• Nehemiah

    Yeah, this worked out pretty good for the Chinese people. Forced abortion and sterilization is a small price to pay for all the luxury that capitalism has brought to the ruling class. The peons are still peons even if they can buy the occasional Big Mac or Whopper. Tiananmen Square and recent developments in Hong Kong stand in stark contrast to the belief that things have improved there. Within the next decade their military will certainly challenge the US in SE Asia and the Pacific. And with the 100+ million men imbalance in population that has resulted from their one child policy, they have what one might consider a disposable army. In fact a war is just what they need to solve that particular imbalance problem. How is your Mandarin?

  • CapitalistRoader

    Here's a list of property stolen from US citizens in Cuba:

    http://www.justice.gov/sites/default/files/fcsc/docs/ccp-listofclaims.pdf

    I think it totaled ~$1.8 billion in 1960. Castro promised to reimburse the former owners with government bonds but he never did. It will be interesting to see what happens with these claims. If we normalize relations, does that mean that they get their property back?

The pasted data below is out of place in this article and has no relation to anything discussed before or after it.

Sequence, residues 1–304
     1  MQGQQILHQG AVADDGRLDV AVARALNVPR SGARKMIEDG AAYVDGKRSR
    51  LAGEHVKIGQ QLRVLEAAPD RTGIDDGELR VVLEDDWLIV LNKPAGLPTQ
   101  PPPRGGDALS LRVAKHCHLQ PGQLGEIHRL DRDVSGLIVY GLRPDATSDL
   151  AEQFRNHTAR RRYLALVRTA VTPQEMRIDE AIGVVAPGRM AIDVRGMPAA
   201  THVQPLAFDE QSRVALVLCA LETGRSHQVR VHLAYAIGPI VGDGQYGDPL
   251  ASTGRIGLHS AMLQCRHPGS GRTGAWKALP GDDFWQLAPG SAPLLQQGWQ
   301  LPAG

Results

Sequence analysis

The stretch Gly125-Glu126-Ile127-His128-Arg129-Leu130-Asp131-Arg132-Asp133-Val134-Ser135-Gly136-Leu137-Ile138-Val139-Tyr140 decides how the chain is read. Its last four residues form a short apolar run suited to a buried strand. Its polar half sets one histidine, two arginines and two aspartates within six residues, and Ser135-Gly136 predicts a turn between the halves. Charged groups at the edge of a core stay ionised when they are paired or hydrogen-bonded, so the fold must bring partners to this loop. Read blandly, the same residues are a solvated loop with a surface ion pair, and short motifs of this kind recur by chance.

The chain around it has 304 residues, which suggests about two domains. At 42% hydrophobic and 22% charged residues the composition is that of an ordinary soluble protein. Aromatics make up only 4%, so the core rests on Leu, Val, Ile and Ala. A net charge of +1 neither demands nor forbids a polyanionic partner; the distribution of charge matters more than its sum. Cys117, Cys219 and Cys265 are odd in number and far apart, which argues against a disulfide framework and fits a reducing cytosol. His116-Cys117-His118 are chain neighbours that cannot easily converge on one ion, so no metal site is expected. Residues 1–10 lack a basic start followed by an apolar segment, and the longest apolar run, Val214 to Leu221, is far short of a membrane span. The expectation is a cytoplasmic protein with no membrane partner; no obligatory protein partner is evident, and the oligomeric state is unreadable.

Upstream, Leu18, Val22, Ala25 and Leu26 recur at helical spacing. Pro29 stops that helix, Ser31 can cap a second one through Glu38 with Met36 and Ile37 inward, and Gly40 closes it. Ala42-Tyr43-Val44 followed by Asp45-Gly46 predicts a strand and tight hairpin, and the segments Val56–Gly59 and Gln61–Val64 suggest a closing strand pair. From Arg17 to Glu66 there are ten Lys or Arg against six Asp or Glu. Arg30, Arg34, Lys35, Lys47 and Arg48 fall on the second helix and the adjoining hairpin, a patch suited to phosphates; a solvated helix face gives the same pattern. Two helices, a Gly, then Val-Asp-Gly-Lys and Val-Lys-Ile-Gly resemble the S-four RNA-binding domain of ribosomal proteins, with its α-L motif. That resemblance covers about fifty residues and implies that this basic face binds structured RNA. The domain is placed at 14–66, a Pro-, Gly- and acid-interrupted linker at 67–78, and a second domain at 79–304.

• Nehemiah

    I think you know the answer to your question - NO! From Obama's perspective the previous owners were capitalist robber barons who gained their riches on the back of those poor cane cutters, tobacco rollers and resort servants.

  • CapitalistRoader

    We'll see. There's a story in the New York Times headlined U.S. Companies Clamor to Do Business in New Cuban Market. So what's to stop the Castro brothers from letting US companies pour billions into Cuba and in five or ten years just steal it again? And if that happens, why should taxpayers care? Any business that invests in Cuba or Venezuela or the like should use a very short depreciation table for assets in those countries, and forget about buying land or leasing it long term. Don't expect a taxpayer bailout or an another expensive DOJ cataloging of everything they lost.

  • NL7

    Yes, but if you want to argue that free trade with countries dominated by hostile dictators won't be effective, then you need to grapple with the fact that the embargo on Cuba hasn't been effective.

    If you want to argue pragmatically that free trade is bad and embargo is good, then Cuba is a terrible piece of evidence in favor of embargo. North Korea is probably also poor evidence, since the Kim regime enforces probably the strictest protectionism in the world and clearly acts as though greater global trade would threaten the regime.

  • Ivor O'Connor

    It's always been about the Florida elections. Castro took back control of Cuba from America and the Cuban sycophants who sold their soul to the American's in much the same way as George Washington took control of America away from the British. Now with normalized relationships however things will change. Cuba will be normalized within a generation just like America was by say 1840. Thugs will soon have free reign everywhere.